If the parties cannot agree then this phase (month 5) commences when the leaseholder or the landlord files an application with the FTT.
Both parties have this right but it is normally the leaseholder that applies (through their solicitor). By making this application, the leaseholder is asking the FTT to decide on the price at which the landlord must sell the lease extension.

If an application is to be made this must be done no sooner than 2 months and no later than 6 months after the date of the counter notice.

Note: The reason that the law bans an application being made to the FTT sooner than 2 months after the counter notice is to allow enough time for both parties to hold negotiations and reach an agreement on the price.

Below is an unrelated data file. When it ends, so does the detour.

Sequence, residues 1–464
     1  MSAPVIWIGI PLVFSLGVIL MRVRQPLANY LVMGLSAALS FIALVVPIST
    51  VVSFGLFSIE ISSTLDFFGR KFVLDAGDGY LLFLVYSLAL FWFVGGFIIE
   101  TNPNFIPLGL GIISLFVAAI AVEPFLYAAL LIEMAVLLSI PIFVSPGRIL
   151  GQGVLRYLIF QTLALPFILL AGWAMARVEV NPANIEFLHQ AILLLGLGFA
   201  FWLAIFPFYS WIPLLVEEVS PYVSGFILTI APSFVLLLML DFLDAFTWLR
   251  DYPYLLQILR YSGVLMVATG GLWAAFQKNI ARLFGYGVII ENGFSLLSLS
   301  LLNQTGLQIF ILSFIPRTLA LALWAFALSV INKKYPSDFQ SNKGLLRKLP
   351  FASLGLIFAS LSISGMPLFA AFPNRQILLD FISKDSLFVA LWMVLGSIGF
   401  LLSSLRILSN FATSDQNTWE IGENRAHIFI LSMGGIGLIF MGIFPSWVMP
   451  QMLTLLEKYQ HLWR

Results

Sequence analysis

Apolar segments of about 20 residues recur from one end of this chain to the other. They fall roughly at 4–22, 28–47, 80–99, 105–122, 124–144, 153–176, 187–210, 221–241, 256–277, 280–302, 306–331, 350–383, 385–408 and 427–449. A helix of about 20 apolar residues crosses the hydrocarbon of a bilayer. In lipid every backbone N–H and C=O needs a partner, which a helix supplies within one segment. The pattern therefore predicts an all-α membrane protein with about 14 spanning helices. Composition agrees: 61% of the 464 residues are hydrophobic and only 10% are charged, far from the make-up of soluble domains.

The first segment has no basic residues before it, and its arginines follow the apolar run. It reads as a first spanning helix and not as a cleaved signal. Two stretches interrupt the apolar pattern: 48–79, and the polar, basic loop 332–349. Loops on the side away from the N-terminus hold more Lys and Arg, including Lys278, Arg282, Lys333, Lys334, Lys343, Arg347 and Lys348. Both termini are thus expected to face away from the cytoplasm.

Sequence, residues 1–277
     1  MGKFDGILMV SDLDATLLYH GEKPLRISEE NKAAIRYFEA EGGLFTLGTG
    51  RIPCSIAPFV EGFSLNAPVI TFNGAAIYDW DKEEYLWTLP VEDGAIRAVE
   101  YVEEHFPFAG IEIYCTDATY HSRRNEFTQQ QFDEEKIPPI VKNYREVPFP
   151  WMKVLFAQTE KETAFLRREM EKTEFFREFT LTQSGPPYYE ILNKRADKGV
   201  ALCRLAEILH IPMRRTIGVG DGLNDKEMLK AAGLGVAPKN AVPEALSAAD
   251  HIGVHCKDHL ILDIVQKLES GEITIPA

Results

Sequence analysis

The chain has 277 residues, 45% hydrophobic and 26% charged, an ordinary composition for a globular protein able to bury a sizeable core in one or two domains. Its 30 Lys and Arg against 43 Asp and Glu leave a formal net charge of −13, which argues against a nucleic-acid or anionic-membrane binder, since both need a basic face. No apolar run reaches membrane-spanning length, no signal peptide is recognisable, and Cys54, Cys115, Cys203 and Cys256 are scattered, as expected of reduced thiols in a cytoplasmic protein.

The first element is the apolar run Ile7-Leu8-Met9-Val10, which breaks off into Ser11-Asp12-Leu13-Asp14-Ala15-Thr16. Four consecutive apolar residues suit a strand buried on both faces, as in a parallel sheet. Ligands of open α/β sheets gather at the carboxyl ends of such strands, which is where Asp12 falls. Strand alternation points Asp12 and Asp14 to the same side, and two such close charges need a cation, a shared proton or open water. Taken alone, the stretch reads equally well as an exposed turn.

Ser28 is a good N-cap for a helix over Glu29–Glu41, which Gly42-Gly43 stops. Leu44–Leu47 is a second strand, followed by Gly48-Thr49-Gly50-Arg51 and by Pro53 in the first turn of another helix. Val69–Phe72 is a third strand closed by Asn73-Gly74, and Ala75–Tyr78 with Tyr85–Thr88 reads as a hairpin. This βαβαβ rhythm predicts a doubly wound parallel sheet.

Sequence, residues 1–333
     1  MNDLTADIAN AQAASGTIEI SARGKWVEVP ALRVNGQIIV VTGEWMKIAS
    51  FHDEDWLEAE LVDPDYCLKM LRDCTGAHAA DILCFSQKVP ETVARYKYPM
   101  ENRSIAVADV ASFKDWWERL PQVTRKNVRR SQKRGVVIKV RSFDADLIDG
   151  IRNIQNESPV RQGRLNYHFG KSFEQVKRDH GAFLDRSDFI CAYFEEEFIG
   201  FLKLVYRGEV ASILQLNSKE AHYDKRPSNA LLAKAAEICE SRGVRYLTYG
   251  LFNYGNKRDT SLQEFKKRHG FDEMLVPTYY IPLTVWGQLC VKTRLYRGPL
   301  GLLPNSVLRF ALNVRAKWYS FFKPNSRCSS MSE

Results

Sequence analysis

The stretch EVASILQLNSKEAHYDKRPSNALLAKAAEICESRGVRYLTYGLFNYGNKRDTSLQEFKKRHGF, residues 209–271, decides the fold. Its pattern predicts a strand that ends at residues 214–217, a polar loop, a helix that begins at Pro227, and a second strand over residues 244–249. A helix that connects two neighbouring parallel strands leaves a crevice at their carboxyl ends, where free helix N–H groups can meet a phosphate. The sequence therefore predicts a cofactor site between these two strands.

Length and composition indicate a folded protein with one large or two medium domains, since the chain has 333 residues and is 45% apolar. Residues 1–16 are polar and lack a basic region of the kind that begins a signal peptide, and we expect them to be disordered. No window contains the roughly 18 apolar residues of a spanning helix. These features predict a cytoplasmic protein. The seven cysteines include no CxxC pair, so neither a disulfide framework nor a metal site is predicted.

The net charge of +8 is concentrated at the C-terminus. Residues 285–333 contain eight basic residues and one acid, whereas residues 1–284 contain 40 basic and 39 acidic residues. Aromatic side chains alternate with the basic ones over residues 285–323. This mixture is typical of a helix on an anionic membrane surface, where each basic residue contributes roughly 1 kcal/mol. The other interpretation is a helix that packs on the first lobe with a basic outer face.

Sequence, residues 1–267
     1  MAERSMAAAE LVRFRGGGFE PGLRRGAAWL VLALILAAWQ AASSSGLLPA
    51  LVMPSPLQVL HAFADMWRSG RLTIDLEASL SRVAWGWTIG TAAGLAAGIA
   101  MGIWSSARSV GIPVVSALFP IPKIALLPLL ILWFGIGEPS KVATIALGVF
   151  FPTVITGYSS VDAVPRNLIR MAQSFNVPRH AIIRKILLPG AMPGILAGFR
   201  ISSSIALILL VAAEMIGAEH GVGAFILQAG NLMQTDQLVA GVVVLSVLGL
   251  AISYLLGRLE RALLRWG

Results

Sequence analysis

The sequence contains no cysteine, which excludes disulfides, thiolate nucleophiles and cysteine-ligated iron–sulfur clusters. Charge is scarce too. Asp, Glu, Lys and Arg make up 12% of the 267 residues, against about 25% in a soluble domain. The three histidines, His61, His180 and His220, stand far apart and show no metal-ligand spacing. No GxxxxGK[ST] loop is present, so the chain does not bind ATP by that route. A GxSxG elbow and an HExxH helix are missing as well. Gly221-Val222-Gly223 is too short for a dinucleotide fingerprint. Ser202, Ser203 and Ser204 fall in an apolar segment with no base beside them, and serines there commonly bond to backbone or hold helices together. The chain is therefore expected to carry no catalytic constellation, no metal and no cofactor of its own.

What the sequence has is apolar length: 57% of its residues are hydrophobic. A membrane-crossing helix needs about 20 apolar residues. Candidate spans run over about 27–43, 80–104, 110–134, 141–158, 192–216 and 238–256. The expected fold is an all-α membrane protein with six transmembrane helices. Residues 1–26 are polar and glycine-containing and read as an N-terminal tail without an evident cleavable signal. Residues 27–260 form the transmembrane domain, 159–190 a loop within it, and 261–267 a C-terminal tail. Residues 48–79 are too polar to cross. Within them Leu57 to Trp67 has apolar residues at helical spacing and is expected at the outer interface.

A large majority of lease extension cases are concluded in this way, after the leaseholder has served notice, and before an FTT hearing is held.

Hearing at the FTT

This phase (month 8) begins when a hearing is held at the FTT. It usually takes 3 to 4 months from the time an application is sent for a hearing to take place, which usually takes a maximum of 1 day. The LVT panel usually comprises 3 members, a lawyer, a surveyor and a layperson, although a panel can also comprise just 2 people.

It is not a legal requirement that the leaseholder be represented by professional advisers although they may choose to have a solicitor and or a surveyor to speak on their behalf. Some leaseholders may also instruct a barrister to be present.

After the FTT has reached its decision it sends its written determination to both parties. The document will contain the price at which the landlord must sell the lease extension. This determination becomes final after 28 days but if the leaseholder finds that price is too high he is not obliged to buy it.

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